Artificial Intelligence (AI) continues to advance and Auburn University is actively taking part in it. The institution partnered with Boston Dynamics to create a robotic dog to help improve work on construction sites and more. Keep reading for the details.
Mac is on the move—check it out
Robotic dogs are a thing? You better believe it. This isn’t the first robotic dog to make its way through the state. We previously wrote about this on Bham Now—now it looks like one is coming to Auburn University, too. Auburn hopes to build upon the many potential uses of what is quickly becoming one of man’s best friends in technology—robot dog.
McWhorter School of Building Science (BSCI) purchased the robotic dog, Mac, this spring. Mac has already been used on construction sites and in classrooms at Auburn. Eric Wetzel, Assistant Professor at BSCI, said the robot has been utilized in research experiments on active construction sites, including the Tony and Libba Rane Culinary Science Center.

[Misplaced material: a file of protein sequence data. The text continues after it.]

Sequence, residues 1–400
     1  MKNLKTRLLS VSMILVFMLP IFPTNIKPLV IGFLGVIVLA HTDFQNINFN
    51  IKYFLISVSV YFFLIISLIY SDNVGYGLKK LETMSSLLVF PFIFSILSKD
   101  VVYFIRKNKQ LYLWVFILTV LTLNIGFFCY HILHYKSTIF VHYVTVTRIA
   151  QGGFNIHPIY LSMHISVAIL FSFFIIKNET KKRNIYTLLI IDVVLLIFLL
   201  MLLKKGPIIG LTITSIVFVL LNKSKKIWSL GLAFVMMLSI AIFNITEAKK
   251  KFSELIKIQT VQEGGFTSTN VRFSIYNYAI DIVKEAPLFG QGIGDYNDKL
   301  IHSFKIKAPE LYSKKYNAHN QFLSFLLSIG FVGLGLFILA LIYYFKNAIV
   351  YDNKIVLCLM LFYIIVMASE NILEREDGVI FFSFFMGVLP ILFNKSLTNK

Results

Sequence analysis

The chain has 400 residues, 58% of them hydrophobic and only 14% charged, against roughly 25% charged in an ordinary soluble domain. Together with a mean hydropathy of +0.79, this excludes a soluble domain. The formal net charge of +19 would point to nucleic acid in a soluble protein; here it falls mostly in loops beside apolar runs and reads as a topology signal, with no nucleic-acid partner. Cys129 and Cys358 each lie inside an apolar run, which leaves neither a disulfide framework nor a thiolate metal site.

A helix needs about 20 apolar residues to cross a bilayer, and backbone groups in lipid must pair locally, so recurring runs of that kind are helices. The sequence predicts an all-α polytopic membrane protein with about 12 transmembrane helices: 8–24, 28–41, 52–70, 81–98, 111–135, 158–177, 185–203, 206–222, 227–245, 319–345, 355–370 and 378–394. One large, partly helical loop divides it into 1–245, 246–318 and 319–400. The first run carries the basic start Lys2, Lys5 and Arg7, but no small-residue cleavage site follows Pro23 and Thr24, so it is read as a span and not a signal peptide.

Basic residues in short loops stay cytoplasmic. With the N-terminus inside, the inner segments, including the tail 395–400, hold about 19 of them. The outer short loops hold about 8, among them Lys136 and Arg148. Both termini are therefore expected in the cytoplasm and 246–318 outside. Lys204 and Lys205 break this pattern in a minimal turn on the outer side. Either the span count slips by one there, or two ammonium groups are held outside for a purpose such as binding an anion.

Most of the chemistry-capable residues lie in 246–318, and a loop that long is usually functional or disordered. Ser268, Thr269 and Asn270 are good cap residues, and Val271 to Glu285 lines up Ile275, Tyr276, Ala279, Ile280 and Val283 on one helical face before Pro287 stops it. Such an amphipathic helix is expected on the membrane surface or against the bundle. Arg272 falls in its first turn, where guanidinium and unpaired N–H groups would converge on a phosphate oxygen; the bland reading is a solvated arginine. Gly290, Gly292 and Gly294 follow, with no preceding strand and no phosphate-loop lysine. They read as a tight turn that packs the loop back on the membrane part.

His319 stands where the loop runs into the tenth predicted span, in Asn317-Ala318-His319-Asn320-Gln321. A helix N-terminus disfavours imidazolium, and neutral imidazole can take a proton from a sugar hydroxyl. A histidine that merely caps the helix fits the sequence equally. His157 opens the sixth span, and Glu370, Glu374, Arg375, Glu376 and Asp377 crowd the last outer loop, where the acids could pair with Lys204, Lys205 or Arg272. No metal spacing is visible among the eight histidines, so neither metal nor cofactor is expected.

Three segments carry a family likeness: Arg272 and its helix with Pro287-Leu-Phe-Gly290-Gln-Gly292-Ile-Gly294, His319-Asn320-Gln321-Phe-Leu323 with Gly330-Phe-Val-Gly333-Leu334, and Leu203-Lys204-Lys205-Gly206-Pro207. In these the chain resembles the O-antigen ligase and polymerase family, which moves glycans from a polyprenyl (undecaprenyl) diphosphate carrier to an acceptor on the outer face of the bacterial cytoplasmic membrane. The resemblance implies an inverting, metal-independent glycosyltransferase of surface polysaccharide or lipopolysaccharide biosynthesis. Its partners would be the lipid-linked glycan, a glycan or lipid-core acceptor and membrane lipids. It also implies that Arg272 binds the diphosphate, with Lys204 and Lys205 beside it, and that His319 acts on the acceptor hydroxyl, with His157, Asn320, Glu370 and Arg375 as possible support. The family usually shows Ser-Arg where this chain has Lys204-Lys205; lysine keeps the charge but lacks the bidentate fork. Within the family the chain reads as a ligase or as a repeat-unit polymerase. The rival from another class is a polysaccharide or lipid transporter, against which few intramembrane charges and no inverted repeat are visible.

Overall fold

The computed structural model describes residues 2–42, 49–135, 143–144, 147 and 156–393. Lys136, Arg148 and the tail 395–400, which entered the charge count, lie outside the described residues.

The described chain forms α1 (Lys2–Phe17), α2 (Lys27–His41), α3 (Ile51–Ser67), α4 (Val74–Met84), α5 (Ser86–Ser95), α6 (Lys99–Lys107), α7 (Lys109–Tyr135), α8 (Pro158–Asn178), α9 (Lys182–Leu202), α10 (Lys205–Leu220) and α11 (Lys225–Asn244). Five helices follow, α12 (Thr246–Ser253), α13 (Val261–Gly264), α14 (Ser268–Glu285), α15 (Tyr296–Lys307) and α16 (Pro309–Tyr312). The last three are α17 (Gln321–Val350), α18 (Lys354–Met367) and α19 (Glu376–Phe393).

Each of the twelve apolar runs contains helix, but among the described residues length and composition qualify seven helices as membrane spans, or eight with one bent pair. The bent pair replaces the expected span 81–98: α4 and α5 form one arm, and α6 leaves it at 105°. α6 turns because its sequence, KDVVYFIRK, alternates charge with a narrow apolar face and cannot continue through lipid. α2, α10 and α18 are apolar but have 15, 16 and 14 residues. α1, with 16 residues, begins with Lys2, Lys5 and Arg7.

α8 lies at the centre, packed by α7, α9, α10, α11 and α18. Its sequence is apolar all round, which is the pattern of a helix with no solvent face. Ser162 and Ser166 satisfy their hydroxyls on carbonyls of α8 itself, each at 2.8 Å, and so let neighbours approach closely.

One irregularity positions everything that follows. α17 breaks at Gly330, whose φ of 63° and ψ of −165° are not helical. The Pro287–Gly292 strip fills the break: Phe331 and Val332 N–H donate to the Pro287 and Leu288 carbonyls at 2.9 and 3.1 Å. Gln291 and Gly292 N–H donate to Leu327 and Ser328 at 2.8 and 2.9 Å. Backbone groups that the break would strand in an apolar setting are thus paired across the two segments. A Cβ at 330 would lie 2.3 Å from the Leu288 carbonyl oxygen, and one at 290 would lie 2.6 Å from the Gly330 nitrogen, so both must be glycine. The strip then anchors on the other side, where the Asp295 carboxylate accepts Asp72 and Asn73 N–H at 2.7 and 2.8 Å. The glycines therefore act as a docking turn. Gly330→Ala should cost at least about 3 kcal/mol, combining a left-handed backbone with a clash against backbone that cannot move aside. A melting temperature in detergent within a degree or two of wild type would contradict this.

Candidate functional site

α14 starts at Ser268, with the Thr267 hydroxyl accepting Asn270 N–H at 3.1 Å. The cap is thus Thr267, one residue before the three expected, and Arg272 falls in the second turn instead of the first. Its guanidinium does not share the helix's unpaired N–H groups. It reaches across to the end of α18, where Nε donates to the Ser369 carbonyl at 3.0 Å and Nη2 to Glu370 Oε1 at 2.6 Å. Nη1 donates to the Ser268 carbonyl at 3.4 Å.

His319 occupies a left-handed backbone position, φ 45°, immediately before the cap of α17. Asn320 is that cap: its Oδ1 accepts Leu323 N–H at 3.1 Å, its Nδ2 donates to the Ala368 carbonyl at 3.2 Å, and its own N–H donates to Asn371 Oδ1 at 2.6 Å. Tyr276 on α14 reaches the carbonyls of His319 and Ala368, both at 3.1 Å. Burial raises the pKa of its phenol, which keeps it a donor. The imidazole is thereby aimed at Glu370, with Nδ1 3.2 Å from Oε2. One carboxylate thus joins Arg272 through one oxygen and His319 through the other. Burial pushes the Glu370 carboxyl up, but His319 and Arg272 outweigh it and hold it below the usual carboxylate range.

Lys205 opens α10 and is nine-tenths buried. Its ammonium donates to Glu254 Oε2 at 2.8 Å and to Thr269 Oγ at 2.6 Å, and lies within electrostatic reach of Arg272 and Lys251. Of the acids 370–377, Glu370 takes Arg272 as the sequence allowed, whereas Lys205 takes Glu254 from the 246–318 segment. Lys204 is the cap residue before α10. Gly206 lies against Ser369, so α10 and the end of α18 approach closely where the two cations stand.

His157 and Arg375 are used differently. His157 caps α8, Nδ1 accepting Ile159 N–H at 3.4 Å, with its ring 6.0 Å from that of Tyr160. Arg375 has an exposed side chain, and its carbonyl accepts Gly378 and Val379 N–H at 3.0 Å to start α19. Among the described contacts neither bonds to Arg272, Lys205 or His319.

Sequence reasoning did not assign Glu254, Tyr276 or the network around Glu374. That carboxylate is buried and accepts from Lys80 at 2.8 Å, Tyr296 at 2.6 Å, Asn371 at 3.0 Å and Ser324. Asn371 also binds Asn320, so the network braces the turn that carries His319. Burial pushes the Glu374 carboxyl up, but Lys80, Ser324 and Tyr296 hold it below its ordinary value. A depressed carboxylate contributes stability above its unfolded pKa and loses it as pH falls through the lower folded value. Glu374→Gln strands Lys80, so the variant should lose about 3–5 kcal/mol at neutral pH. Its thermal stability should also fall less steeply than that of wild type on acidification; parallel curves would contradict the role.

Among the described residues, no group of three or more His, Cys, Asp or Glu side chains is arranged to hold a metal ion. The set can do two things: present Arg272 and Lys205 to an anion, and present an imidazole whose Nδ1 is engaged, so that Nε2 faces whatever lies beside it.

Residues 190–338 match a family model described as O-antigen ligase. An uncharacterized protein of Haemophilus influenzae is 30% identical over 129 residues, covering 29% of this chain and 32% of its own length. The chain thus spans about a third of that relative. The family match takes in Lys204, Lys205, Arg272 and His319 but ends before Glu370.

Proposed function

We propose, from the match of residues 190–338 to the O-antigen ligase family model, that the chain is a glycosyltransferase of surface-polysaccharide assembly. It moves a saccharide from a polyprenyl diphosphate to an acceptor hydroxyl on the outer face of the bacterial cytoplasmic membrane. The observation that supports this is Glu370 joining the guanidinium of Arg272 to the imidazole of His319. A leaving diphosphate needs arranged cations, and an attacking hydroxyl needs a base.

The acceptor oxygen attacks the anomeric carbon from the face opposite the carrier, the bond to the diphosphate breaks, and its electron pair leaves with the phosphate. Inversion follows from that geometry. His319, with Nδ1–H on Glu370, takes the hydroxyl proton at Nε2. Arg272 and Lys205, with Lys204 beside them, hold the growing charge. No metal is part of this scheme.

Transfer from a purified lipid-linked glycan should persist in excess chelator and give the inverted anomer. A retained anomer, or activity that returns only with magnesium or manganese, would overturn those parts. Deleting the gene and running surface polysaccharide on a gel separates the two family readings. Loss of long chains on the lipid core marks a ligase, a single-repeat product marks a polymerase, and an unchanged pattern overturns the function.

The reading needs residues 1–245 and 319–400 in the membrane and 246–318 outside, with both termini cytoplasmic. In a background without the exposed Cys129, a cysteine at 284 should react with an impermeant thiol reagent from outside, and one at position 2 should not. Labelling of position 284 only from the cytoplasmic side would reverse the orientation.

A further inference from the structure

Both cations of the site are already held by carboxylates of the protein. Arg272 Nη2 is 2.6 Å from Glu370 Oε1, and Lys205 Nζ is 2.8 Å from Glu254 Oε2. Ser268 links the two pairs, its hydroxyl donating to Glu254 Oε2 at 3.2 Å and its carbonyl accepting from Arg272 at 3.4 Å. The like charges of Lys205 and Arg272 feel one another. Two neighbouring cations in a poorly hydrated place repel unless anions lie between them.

Mac is construction’s newest companion
Mac is a great addition to construction sites. Why? Thanks to its mobility and autonomous mode, the robot can scan a room on its own while avoiding obstacles. Plus, Mac provides detailed data that can be directly applied to projects.
“Within the last 10 years, we’ve seen this explosion in construction robotics. Mac is representative of this shift, and it’s partially because the tech is good enough that it can now be useful on construction sites. Construction is suffering from a massive skilled labor shortage and one that doesn’t seem to have a solution in the short term.”Eric Wetzel, BSCI Assistant Professor, Auburn University
In terms of research, Mac being out in the field at Auburn allows Boston Dynamics and other industry leaders the chance to process unique data—data that is crucial to the technology’s evolution. Wetzel and his team are excited at the chance to work with Mac and explore new horizons of research and discovery.
“To have such a novel piece of equipment at our disposal at the McWhorter School of Building Science, it doesn’t happen that frequently. Very rarely do you get the opportunity to work on something that’s so new and every experiment you run is something that’s not been done before.”Eric Wetzel, BSCI Assistant Professor, Auburn University
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